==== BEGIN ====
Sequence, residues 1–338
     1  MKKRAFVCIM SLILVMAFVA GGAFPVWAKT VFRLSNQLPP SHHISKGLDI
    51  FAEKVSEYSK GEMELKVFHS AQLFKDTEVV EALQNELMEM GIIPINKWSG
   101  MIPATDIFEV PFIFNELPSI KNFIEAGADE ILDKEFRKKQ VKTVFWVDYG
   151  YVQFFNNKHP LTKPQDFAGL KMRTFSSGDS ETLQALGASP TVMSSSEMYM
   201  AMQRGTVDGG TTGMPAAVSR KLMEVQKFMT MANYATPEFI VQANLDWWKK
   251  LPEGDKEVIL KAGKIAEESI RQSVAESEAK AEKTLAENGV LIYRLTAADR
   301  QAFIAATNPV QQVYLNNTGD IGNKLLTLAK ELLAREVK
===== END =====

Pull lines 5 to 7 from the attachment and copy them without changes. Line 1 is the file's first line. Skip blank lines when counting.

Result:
   151  YVQFFNNKHP LTKPQDFAGL KMRTFSSGDS ETLQALGASP TVMSSSEMYM
   201  AMQRGTVDGG TTGMPAAVSR KLMEVQKFMT MANYATPEFI VQANLDWWKK
   251  LPEGDKEVIL KAGKIAEESI RQSVAESEAK AEKTLAENGV LIYRLTAADR